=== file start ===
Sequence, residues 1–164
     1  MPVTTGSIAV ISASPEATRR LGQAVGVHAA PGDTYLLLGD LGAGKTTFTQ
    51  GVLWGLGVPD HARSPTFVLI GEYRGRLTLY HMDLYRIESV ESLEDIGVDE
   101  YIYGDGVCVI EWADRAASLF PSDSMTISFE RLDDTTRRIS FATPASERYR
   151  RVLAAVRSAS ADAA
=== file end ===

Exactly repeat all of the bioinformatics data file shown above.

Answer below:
Sequence, residues 1–164
     1  MPVTTGSIAV ISASPEATRR LGQAVGVHAA PGDTYLLLGD LGAGKTTFTQ
    51  GVLWGLGVPD HARSPTFVLI GEYRGRLTLY HMDLYRIESV ESLEDIGVDE
   101  YIYGDGVCVI EWADRAASLF PSDSMTISFE RLDDTTRRIS FATPASERYR
   151  RVLAAVRSAS ADAA